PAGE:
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U.S. lawmakers rally to support Oklahoma's Hobby Lobby's legal challenge

BY BRIANNA BAILEY Published: February 21, 2013

The federal government argues that constitutional rights to religious freedom do not apply to Hobby Lobby because the company is a secular, for-profit corporation.

The lawmakers' brief argues that Congress intended Religious Freedom Restoration Act protections to include corporations.

The federal government “may not pick and choose whose exercise of religion is protected and whose is not,” the brief states.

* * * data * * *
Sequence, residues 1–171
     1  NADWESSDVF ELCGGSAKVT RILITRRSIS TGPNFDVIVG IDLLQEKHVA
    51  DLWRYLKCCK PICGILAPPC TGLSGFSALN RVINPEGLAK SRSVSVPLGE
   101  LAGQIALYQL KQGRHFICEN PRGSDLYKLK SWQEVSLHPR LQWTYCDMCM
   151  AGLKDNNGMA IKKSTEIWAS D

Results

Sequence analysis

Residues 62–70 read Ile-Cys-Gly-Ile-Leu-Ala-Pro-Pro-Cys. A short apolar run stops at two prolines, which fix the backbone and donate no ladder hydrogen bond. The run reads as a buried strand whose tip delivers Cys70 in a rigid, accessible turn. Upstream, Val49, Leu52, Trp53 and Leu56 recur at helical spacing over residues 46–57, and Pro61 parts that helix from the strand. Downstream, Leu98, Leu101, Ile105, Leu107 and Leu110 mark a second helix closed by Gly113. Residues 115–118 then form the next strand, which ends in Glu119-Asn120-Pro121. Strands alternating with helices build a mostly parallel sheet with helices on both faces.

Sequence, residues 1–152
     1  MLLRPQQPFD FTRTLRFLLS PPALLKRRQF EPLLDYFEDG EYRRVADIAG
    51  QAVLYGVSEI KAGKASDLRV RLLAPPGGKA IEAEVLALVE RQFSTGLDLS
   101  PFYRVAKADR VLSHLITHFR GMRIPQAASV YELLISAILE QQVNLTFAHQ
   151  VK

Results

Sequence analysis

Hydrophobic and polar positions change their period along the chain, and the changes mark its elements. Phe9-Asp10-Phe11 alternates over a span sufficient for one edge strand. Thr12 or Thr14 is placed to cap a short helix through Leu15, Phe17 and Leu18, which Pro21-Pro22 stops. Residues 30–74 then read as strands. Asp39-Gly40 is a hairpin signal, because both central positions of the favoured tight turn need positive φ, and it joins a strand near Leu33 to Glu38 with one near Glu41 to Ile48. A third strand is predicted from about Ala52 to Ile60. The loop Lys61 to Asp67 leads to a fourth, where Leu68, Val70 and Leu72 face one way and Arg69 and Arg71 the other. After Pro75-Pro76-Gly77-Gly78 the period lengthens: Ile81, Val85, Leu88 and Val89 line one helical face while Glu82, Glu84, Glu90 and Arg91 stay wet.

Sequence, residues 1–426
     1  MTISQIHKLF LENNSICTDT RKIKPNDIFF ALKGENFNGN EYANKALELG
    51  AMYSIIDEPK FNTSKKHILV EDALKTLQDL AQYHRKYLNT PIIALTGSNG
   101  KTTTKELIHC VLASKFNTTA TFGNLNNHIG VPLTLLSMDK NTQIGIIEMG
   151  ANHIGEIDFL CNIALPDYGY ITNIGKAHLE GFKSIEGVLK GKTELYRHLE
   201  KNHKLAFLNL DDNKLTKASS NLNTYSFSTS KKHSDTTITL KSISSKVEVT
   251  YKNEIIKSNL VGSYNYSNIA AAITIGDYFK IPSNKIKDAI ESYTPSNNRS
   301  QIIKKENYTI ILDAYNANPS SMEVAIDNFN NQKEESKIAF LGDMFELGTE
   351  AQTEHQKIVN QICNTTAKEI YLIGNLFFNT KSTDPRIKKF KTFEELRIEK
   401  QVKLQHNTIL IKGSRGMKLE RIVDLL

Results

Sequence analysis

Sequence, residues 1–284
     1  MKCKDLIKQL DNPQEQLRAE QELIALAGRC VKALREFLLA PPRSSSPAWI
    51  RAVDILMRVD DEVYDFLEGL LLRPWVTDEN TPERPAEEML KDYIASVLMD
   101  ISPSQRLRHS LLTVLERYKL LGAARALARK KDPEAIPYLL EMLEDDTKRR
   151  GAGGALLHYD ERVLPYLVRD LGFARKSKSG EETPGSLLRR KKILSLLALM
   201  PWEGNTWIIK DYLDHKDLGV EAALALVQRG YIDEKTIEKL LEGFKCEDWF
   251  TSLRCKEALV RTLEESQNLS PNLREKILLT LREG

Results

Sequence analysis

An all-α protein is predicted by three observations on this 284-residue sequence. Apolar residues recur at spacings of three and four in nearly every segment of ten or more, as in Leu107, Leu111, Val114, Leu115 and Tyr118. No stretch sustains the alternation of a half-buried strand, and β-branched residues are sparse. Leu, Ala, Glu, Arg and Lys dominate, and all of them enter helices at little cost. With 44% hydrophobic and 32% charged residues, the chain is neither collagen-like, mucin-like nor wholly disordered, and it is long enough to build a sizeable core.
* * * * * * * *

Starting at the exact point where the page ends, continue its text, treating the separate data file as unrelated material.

“The brief leaves no doubt that Congress intended to protect the religious freedom of those like Hobby Lobby and its founder, David Green, against federal attempts to force them to insure abortion-inducing drugs,” said Kyle Duncan, general counsel for the Becket Fund for Religious Liberty, a nonprofit law firm that is representing Hobby Lobby in its court fight.

Oklahoma Attorney General Scott Pruitt also has filed an amicus curiae brief in support of Hobby Lobby, as has the Roman Catholic Archdiocese of Oklahoma City.

“The notion that a federal court may don ecclesiastical robes and purport to tell citizens that they do not correctly perceive the tenets of their faith is entirely foreign to American legal practice and experience,” the archdiocese said in its brief.

The appellate court is expected to hear oral arguments in the case this spring.